W3C home > Mailing lists > Public > www-style@w3.org > October 2002

Re: [Suggestion] Multiple 'property' tokens in 'declaration' syntax

From: Christopher Lee <cml01776@yahoo.com>
Date: Thu, 31 Oct 2002 18:05:30 -0800 (PST)
Message-ID: <20021101020530.5634.qmail@web13601.mail.yahoo.com>
To: www-style@w3.org

--- Ian Hickson <ian@hixie.ch> wrote:
> It makes the syntax in my opinion more confusing to authors,
> and also makes the parsing significantly more confusing.
>    padding-top, color: green;
> ...would have to be ignored, for example.

This example would expand to:

    padding-top: green;
    color: green;

The padding-top declaration would be ignored, yes, but the color
declaration is still valid.  The entire declaration need not be ignored.

Even if it is confusing, there is no requirement to use this shorthand
notation.  No one is forcing people to compress all their computer files
--- they can be stored in uncompressed form --- and file compression can
complicate matters, but that is no reason to discard compression entirely
as a bad idea.

How does this make parsing more difficult?  This is similar to selector
grouping, which has been implemented already.

> And:
>    padding, border-spacing: 1em 2em;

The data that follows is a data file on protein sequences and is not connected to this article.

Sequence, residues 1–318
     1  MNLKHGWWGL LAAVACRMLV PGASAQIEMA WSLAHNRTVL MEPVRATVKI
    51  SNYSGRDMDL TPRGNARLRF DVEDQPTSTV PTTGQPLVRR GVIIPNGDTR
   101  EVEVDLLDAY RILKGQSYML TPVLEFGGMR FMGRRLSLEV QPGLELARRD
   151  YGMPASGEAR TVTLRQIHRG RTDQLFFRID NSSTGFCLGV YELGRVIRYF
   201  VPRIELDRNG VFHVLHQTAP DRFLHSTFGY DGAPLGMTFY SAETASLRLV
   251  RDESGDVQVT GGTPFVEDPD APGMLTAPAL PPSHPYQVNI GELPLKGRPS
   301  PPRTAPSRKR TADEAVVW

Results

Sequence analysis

> ...would have very unintuitive results.

Authors are allowed to express information in a form that is intuitive to
them.  It is a valid declaration, but behind those property names is a
detailed description that sufficiently describes what role the values to
take on.  For example, in English, it can be said:  "Set the top and
bottom padding values, and the left and right padding values, *as well as*
the horizontal border-spacing value, and the vertical border-spacing
value, to 1em and 2em, respectively."

> This suggestion also removes the possibility of using commas in
> declarations in future, should we find a use for them.

Commas have already been used in selectors to group rules with identical
declarations together --- they delimit the list of selectors, much like
this use would delimit the list of properties.  The comma has been used
throughout mathematics to separate elements of a list, where all the
elements belong in the list.  This should be its intended purpose.

> Other than minimal space savings, what are the advantages of this
> suggestion?

This would allow related measurements to be grouped together so that the
value could be modified in a text editor once, and all of the associated
properties would update correspondingly.  The author would not need to
scan through the style sheet and update every single reference.  In my
opinion, this would slightly simplify adjustment of values.

Christopher Lee

Do you Yahoo!?
HotJobs - Search new jobs daily now
Received on Thursday, 31 October 2002 21:05:32 UTC

This archive was generated by hypermail 2.3.1 : Monday, 2 May 2016 14:27:04 UTC